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Beckham busting out for the Bulls09/17/2013 3:53 PM ET
By Jake Seiner / MiLB.com
Durham manager Charlie Montoyo could see Tim Beckham was on the verge of a breakout. He could hear it too.
"I know the ball sounds different off his bat," the Bulls skipper said prior to Tuesday's Triple-A National Championship. "I want to say it was after the All-Star break. I could see it. I could feel it. I could hear it."
Montoyo's eyes and ears weren't deceiving him. Ever since the midsummer classic, his 23-year-old shortstop has emerged as one of Durham's best hitters, and with Tampa Bay's then-top prospect Wil Myers promoted to the Majors around that time, the breakout has been conveniently timed.
The manager tabbed Beckham -- ranked 16th in the Rays organization -- as his No. 3 hitter for Tuesday's title game, and he said that was something Beckham earned with his second-half performance.
Beckham's number since the All-Star Break have been exceptional for a shortstop. He's hit .291 with a much-improved 29-to-18 strikeout-to-walk ratio in that time. His on-base percentage climbed 43 points to .371 and his OPS reached .781.
Those contributions were critical for Durham as it fought down the stretch to grab the International League South title, and Beckham continued to be a factor in the postseason. The first overall pick from the 2008 Draft hit .290 in the postseason with a .740 OPS, leading all International League postseason participants with nine hits.
This season is Beckham's third with at least a little time spent in Triple-A. The shortstop reached Durham in 2011, hitting .255 with a .744 OPS in a 24-game stint. After serving a 50-game suspension for violating the Minor League Drug Prevention and Treatment Program to begin 2012, Beckham returned to the Bulls and hit .256 with a .686 OPS in 72 games.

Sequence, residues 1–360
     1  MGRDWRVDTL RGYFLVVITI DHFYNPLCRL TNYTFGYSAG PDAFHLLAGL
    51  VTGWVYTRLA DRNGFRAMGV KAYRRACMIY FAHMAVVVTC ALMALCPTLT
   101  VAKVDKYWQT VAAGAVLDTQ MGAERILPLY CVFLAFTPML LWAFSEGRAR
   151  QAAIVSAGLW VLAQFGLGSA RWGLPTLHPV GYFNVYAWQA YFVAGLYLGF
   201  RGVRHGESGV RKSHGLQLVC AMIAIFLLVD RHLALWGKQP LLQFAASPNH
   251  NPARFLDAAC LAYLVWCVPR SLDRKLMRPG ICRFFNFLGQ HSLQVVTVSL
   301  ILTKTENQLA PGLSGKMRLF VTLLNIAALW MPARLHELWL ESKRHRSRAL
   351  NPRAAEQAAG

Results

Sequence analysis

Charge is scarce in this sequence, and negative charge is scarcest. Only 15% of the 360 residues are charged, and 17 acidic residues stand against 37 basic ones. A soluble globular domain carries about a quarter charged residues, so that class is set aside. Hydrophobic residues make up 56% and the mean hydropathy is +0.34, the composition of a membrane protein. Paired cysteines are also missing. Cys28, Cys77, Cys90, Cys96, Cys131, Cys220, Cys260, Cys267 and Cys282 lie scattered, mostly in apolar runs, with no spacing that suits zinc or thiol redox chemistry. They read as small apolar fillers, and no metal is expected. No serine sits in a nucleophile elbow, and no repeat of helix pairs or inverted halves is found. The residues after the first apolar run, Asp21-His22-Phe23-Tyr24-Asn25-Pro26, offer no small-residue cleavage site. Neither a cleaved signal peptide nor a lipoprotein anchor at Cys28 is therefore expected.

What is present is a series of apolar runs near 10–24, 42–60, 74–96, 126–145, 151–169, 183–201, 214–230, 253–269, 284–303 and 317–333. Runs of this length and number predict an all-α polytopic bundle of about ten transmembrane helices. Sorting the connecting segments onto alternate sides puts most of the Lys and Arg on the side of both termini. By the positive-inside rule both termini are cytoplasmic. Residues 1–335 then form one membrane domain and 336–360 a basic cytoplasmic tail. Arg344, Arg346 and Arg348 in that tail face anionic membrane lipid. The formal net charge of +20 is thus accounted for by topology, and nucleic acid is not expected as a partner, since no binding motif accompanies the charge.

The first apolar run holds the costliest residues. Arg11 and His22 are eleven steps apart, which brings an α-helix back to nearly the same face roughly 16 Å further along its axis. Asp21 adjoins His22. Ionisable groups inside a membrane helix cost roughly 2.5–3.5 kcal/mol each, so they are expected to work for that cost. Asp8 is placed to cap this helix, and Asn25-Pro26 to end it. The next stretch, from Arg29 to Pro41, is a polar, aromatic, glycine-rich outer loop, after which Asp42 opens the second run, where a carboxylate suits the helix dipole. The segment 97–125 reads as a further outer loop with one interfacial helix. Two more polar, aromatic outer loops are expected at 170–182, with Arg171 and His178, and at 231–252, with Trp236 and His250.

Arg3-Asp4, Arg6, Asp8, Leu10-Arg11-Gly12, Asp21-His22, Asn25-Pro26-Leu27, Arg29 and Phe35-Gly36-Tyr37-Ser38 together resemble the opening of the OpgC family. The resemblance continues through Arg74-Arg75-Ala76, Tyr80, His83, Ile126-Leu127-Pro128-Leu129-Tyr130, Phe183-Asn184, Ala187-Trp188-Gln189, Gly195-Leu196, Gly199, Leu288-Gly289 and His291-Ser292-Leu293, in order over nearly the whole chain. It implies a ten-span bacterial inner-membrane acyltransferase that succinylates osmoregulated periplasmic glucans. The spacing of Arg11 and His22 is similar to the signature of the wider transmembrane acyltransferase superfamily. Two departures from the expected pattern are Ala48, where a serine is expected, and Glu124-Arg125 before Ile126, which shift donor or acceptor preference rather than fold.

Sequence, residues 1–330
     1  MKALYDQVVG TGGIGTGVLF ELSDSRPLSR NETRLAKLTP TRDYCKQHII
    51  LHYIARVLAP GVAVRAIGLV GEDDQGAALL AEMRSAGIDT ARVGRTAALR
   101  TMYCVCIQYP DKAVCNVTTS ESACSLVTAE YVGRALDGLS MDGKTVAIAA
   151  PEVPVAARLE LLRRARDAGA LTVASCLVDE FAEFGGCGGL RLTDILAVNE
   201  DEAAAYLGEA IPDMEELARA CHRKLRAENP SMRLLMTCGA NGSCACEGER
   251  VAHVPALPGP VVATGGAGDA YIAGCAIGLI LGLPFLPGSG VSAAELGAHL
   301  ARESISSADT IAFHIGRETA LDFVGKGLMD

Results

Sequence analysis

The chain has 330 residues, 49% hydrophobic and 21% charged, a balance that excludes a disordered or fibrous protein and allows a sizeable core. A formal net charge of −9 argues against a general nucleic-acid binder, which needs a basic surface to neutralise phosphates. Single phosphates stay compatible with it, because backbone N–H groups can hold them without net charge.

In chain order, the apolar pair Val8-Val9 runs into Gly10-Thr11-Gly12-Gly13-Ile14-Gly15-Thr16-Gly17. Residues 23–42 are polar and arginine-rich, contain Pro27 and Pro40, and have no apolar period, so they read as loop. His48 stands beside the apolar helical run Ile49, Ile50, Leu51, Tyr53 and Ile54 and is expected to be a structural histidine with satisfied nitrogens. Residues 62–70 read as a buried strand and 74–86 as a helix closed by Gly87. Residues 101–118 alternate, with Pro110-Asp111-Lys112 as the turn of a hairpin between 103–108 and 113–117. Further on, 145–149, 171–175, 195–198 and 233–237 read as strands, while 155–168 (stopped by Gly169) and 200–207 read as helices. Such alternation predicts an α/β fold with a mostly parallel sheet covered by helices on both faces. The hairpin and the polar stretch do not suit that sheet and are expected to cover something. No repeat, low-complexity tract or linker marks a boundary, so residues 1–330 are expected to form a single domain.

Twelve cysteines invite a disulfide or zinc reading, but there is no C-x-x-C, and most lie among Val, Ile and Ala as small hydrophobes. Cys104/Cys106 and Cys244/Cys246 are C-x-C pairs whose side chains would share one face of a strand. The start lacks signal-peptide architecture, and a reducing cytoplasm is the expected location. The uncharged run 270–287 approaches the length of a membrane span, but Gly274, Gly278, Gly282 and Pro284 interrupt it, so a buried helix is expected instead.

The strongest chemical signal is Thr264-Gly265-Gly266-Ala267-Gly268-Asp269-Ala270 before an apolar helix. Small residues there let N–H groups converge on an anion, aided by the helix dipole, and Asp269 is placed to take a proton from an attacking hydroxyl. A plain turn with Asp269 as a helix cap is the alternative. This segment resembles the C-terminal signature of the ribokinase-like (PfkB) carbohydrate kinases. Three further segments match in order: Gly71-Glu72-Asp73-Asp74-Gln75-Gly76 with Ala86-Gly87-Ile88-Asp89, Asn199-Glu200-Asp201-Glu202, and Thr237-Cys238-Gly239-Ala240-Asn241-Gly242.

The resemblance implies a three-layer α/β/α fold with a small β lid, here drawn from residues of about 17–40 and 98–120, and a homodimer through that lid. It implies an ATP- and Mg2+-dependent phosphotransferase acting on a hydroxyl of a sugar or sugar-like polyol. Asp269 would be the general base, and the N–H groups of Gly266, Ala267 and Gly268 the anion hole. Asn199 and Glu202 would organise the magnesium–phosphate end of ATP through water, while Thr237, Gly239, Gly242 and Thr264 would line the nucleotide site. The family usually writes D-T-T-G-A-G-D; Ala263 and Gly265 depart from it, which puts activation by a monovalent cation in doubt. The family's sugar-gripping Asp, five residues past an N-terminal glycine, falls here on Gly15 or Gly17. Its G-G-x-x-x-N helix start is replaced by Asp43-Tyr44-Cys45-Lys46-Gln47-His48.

It's apparent to Montoyo that he's polished his game this season, and that new level of consistency is showing up in the box score. Apparently, he's nearly convinced the folks in Tampa Bay's front office, too -- the Rays are reportedly considering adding Beckham to its roster this September, according to Marc Topkin of the Tampa Bay Times.
Montoyo thinks Beckham's ready to get his shot. He's seen the improvements offensively, and is a believer in his defense too.
"He could go to the big leagues tomorrow and play short," Montoyo said. "He might get bigger [and have to move to another spot] because he's just a kid. Right now, he could play shortstop in the big leagues."
"I'm very happy with my performance on defense this year," Beckham said. "I had a couple of stretches where I scuffled a little bit, but that's the game of baseball. Everybody scuffles at times. Everybody looks at how you respond to that, how you respond to the struggles.
"I just feel like no struggle, no success."
It's a mentality that has served Beckham well. As MLB.com's Jonathan Mayo wrote in the preseason about the shortstop: "Unless you become a superstar, it's nearly impossible to live up to the expectations that come with being a No. 1 overall pick."
Beckham may have lost some of his luster, but he still looked like a player who could contribute in the Majors in the near future. He's only strengthened that position with his performance this season.
"No one's perfect, man," he said. "You can strive for perfection and that's what you do every time you take the field.
"You take the field for practice, you take the field for the game, you want to go about it in a professional manner. You want to go about it in a way to get better. You learn something every day, and if you don't, at least try to."
Beckham isn't shy about his confidence. He declined to address the report that he may be Major League-bound prior to Tuesday's game, but even if it doesn't come this month, it likely won't be long until the 23-year-old gets his chance.
"All of my game can get better and it has gotten better. It's going to continue to get better every year," he said. "I know that.
"I have the confidence in myself and I'm not going to lose the confidence in myself. You can call it cocky, you can call it confident, you can call it whatever you want, but when I spike up, when I get in between those white lines, I want to feel like I'm the best person on the field and I want to feel like my team is going to win that game."